TORONTO — Vladimir Guerrero Jr., Reese McGuire, Trent Thornton and the rest of the youthful Toronto Blue Jays have a month left in the regular season, 26 games to learn as much as they can.
They learned one such lesson in the seventh inning of Friday's 7-4 loss to the World Series champion Houston Astros when Guerrero was ejected by home plate umpire Mike Estabrook for arguing calls. Guerrero had struck out swinging but was upset over Estabrook's calls all night.
"They're young kids and that's a learning lesson. There's no way to win when you argue balls and strikes, but that's part of the game so that's never going to stop," said Toronto manager Charlie Montoyo. "The better we get, the more we get into fighting for a playoff spot, I'm going to get thrown out more, they're going to get thrown out more.
"But it's a learning lesson for our kids. There's no way to win with arguing."
George Springer had a three-run homer and had an RBI double as Houston (88-48) racked up 13 hits. One of those was Josh Reddick's RBI single in a four-run fifth inning.
Wade Miley laboured through 3 2/3 innings for the Astros, striking out five but issuing five walks and giving up an unearned run on two hits.
Collin McHugh (4-5) earned the win, with former Blue Jays pitcher Joe Biagini, Hector Rondon, Chris Devenski and Will Harris also coming on in relief. Rondon, Devenski and Harris each gave up runs in their innings.
McGuire, Derek Fisher and Cavan Biggio all had solo home runs for the Blue Jays (54-82). The homers came in the seventh, eighth, and ninth innings respectively. McGuire believes that learning how to build momentum off of each other is another important lesson.
"That's the thing, we're a young clubhouse but we're all trying to just play our game," said McGuire. "We've all played with each other at some point coming up. When things are going good for someone or someone's having a rough game we just feed off of each other and pick each other up.
"You saw it tonight in the ninth. We're still liable to put up some runs."
McGuire was also responsible for Toronto's opening run in the second inning when the glove of Astros catcher Robinson Chirinos got in the way of his swing with the bases loaded. Estabrook called catcher interference on the play, sending McGuire to first and scoring Teoscar Hernandez.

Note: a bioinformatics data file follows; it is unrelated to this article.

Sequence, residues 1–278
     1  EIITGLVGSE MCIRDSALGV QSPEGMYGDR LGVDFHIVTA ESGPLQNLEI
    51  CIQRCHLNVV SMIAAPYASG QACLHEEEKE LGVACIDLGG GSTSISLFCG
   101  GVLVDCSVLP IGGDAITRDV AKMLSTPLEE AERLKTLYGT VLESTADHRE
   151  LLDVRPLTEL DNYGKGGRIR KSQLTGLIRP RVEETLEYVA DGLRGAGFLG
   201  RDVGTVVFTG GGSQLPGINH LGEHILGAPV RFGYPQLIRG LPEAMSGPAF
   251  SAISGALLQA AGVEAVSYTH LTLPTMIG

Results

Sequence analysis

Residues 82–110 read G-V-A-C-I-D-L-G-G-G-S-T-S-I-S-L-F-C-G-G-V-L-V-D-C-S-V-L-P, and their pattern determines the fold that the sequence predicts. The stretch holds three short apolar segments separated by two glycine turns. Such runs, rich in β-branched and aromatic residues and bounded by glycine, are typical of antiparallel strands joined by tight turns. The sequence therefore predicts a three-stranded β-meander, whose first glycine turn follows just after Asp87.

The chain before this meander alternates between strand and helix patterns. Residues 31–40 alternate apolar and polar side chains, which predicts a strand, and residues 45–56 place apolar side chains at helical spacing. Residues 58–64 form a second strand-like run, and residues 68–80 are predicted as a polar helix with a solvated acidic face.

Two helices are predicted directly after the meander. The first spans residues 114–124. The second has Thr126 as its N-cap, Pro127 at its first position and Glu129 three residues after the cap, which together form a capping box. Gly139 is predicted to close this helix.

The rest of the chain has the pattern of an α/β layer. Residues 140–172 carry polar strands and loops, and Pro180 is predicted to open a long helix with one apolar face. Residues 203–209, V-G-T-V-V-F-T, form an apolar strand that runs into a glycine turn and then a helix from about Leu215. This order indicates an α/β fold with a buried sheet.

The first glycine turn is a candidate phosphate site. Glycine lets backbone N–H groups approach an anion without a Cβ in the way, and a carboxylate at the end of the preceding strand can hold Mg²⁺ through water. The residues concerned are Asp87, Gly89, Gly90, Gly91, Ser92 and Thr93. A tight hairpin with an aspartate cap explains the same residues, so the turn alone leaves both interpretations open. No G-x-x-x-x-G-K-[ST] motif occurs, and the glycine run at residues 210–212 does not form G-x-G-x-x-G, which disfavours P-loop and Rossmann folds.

"I haven't had that happen probably since Little League," said McGuire. "As soon as it happened, I also got a piece of the ball and something didn't seem right so I immediately pointed."
Thornton (4-9) pitched five innings, giving up four runs — three earned — with six strikeouts for Toronto. Jason Adam gave up two more runs coming out of the Blue Jays bullpen, followed by a scoreless inning by Neil Ramirez. Tim Mayza allowed another run in his inning.
Reddick's single cashed in Yuli Gurriel to tie it 1-1 in the fifth before Springer launched an 0-1 pitch to deep left field.
Springer's home run bounced off the windows of a restaurant on the 300 level of Rogers Centre, travelling 463 feet to bring home Chirinos and Reddick.
A sacrifice fly by Aledmys Diaz scored Yordan Alvarez from third, giving Houston a 5-1 lead in the top of the sixth.
Springer piled on three batters later, with his double driving in Gurriel and Reddick. That took his RBIs on the night up to four and 77 on the season.
McGuire cut into that lead in the seventh, sending the ball just over the right-field fence. Reddick made an impressive attempt at catching the ball, planting one foot on the wall's cushion to launch himself higher but he just missed.
Alex Bregman's single in the eighth extended Houston's lead to 7-2, driving in Springer.
Fisher fired back for Toronto in the bottom of the inning, sending a solo shot to right field to make it 7-3. Biggio then had the 11th homer of his rookie season in the ninth.
Notes: Commander Chris Hadfield threw out the opening pitch. Pilots from the Royal Air Force's Red Arrows and the Royal Canadian Air Force's Snowbirds were at attention on the third-base line as the former astronaut pitched to Blue Jays catcher Danny Jansen.
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John Chidley-Hill, The Canadian Press